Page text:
Insufficient charging infrastructure continues to prevent wider use, as does the low supply of appropriate electric vehicles in many sectors, such as heavy industry. Despite falling battery costs, rising vehicle production to meet demand, and the promise of savings over the lifetime of an EV from lower fuel and maintenance costs, upfront prices remain prohibitive for some.

On the supply side, there are also challenges related to the poor sustainability levels associated with EV batteries: the sourcing of raw materials is frequently concentrated in a few developing countries that are often politically volatile and economically fragile.

A related concern is around recyclability. EV batteries consist of multiple Lithium-ion cells that are largely difficult to dismantle and which contain hazardous materials.

But there are some recent examples of the industry responding to this challenge.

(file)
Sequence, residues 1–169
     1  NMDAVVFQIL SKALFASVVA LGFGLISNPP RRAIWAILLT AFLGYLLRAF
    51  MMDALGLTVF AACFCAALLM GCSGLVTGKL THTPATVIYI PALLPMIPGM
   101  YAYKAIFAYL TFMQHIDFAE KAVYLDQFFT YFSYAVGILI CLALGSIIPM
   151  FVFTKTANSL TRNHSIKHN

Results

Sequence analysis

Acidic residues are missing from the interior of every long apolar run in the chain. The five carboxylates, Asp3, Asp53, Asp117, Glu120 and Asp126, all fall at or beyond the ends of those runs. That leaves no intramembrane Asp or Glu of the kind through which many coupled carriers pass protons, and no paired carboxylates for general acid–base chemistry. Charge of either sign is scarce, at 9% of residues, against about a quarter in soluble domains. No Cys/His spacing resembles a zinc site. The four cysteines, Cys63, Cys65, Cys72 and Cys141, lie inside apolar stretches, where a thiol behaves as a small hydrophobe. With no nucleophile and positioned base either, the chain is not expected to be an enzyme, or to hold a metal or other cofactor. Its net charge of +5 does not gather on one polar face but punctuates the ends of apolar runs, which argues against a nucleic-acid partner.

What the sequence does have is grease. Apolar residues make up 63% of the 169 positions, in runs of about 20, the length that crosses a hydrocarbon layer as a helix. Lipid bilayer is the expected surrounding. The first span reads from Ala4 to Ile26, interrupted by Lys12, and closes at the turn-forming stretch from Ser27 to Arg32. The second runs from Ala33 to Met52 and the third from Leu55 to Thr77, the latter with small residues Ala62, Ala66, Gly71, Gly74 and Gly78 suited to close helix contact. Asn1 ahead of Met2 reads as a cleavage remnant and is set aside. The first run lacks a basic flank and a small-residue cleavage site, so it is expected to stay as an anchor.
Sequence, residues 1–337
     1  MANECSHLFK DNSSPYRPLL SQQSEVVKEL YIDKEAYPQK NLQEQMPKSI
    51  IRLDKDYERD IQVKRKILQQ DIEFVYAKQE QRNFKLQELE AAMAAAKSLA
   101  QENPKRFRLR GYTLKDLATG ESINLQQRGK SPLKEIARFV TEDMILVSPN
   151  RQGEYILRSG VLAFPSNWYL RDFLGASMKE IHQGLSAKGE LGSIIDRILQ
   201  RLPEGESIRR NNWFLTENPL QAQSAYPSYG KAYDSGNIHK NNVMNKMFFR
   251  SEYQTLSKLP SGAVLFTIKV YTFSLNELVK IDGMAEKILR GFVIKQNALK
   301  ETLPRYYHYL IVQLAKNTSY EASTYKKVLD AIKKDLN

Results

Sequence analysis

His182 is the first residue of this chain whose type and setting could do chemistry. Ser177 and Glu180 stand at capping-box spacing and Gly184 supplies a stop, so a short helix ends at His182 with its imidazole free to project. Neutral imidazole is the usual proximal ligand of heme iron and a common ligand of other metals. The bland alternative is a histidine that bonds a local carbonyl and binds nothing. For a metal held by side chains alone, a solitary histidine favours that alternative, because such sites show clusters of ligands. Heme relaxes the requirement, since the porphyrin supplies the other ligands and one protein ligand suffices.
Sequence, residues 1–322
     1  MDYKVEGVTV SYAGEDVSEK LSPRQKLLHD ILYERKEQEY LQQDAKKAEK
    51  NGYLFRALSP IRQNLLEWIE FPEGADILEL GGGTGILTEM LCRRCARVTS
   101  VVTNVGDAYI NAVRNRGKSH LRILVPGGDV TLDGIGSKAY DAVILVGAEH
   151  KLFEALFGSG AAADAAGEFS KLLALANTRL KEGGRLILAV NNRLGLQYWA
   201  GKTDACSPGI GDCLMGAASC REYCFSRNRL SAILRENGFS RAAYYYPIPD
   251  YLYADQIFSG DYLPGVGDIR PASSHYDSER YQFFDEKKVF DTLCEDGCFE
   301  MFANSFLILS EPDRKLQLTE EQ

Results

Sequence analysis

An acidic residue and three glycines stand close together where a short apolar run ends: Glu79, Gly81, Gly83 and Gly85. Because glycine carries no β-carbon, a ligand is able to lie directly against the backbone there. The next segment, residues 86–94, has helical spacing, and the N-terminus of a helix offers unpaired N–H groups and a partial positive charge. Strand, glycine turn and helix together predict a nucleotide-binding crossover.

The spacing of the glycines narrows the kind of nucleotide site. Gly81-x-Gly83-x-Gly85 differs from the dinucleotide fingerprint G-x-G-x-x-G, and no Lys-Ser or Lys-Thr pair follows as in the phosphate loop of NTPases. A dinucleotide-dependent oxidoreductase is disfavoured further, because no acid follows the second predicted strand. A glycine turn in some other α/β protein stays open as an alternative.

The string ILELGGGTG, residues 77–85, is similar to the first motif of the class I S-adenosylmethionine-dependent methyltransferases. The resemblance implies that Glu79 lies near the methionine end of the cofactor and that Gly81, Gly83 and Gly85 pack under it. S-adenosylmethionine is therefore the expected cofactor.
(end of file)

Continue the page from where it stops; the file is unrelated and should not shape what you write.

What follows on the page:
Nissan is now reusing batteries from its Leaf cars to power automated guided vehicles used around assembly plants. And while Volkswagen has also redeployed old batteries, it has also opened a recycling plant in Salzgitter, Germany.

Global Battery Alliance

But until recycling moves from the fringe to the mainstream of EV battery production, demand for critical raw materials will only grow.

The Global Battery Alliance (GBA), initiated with support of the World Economic Forum, is a public-private collaboration between 70 organizations across manufacturing, public service and civil society that was established to address this issue by working to bring sustainability to the battery value chain.